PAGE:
The bat was found in Turnberry.
From the McHenry County Health Department:
Health Department Reports Rabid Bat
Bat found in Lakewood
WOODSTOCK — Abat that tested positive for rabies was found inside a Lakewood home.
No human exposure was reported, although the homeowner’s cat was seen chasing the bat before it flew into a chimney.
Keeping indoor and outdoor pets up to date on vaccinations will not only keep them from getting rabies but also provide a barrier of protection for people if a rabid animal bites a pet and subsequently bites or scratches a human.
According to Maryellen Howell, Manager of McHenry County Department of Health’s Veterinary Public Health Division, “Whether a bat is found inside or outside your home, avoid touching it with bare hands.”
Howell advises people use a shovel or plastic bag to ensure there is no direct contact between themselves and the bat.
If a bat is found inside, contain it in a room by closing the door.
If a bat is found outside and there has been exposure to a person or pet or if the bat is injured, place an upside down bucket over the bat if possible.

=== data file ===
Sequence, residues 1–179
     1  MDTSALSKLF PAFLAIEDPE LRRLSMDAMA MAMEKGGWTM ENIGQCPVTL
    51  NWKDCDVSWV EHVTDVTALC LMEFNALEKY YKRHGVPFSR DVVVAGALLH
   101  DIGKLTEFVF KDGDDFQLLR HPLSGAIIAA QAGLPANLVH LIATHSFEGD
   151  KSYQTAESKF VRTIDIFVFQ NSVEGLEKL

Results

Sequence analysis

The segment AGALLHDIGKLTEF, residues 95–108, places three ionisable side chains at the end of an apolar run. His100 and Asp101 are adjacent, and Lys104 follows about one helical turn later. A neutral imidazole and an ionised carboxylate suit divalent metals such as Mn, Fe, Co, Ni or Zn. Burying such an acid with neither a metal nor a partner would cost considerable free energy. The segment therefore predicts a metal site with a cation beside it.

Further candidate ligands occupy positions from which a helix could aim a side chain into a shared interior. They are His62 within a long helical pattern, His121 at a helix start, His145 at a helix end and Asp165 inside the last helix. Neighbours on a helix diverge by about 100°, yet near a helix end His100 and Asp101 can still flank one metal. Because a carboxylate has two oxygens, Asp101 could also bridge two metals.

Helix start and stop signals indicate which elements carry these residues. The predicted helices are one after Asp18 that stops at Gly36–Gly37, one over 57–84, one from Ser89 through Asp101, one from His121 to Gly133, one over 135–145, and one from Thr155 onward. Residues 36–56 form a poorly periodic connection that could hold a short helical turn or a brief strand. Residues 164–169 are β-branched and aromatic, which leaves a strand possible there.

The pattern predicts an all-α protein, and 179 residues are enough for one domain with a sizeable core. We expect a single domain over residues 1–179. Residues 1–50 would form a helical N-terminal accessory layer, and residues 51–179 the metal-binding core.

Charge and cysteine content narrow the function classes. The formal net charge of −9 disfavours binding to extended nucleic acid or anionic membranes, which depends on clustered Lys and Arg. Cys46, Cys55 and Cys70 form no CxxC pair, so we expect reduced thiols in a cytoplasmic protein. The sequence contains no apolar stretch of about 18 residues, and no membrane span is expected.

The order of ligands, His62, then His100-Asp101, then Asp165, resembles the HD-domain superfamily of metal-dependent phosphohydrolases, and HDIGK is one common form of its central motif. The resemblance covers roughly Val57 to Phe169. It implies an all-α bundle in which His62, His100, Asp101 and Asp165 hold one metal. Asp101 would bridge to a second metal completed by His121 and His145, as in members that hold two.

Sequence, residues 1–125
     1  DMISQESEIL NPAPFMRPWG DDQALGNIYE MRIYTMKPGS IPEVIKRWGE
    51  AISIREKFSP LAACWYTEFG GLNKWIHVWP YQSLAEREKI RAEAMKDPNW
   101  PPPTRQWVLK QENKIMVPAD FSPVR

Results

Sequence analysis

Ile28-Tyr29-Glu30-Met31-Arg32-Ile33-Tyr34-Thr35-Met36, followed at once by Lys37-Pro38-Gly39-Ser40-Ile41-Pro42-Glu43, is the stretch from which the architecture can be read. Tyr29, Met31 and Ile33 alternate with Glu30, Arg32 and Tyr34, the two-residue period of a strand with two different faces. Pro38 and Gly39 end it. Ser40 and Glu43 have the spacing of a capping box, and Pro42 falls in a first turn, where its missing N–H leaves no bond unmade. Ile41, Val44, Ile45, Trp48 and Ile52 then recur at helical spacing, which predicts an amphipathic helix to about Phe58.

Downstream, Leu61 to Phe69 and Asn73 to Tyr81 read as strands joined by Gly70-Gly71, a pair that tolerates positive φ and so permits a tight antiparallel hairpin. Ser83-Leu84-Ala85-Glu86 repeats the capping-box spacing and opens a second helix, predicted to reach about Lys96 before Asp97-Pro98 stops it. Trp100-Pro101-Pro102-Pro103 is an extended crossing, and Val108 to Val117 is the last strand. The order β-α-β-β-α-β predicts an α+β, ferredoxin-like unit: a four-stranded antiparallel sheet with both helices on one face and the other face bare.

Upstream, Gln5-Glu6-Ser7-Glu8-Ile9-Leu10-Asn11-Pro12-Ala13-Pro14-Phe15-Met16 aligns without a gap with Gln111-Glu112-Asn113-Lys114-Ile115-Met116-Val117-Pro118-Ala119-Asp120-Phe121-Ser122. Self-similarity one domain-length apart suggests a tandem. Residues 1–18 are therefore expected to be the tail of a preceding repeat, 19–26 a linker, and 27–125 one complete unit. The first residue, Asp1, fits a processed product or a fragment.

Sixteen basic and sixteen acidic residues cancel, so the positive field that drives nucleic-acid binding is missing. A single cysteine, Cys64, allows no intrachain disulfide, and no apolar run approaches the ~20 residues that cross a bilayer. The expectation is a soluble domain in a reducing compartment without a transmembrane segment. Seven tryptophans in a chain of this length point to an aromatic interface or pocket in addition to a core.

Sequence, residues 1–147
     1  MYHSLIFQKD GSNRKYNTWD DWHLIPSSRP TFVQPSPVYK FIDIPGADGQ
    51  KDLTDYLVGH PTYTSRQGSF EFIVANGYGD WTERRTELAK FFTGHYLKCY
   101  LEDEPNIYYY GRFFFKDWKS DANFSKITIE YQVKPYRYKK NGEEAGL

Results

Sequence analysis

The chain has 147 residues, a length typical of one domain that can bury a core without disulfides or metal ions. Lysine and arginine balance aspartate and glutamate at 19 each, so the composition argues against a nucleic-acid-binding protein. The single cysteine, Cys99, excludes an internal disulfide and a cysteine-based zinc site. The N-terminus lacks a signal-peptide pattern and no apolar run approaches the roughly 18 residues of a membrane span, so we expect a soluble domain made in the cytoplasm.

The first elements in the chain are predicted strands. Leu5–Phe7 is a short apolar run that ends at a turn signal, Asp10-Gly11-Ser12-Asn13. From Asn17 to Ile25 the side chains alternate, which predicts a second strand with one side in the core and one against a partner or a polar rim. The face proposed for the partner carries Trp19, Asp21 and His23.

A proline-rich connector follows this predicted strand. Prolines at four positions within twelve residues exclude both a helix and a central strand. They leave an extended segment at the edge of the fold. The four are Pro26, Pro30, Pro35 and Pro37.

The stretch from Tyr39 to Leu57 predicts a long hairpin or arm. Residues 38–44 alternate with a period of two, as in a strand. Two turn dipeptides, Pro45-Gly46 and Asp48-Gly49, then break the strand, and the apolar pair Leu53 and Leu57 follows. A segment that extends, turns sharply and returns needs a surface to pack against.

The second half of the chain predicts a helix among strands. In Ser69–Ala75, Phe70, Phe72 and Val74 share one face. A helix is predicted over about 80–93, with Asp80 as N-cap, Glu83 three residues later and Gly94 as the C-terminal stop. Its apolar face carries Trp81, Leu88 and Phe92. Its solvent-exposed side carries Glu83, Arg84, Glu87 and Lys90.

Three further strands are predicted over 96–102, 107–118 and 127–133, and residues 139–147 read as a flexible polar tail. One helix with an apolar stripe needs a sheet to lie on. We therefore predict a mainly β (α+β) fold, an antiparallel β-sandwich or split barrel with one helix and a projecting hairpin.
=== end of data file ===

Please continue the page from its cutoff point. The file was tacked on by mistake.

In both cases, immediately call Animal Control (815-459-6222). To test bats for rabies, it is important the bat be in good condition (i.e. head is intact) and either alive or recently deceased.
Rabies is a fatal disease caused by a virus that attacks the central nervous system, only confirmed by laboratory testing. The best way to avoid rabies is to avoid exposure.
A bat that is active by day, found in a place where bats are not usually seen (such as in your home) or is unable to fly, is potentially rabid.
People should take a “hands off” approach to all wild animals to reduce their risk of exposure.
Children should also be educated to avoid handling wild animals. Bats are a protected species and part of the natural habitat.
If you have questions about exposure, call MCDH’s Communicable Disease Program at 815-334-4500. To learn more about rabies prevention, visit the Centers for Disease Control and Prevention (CDC).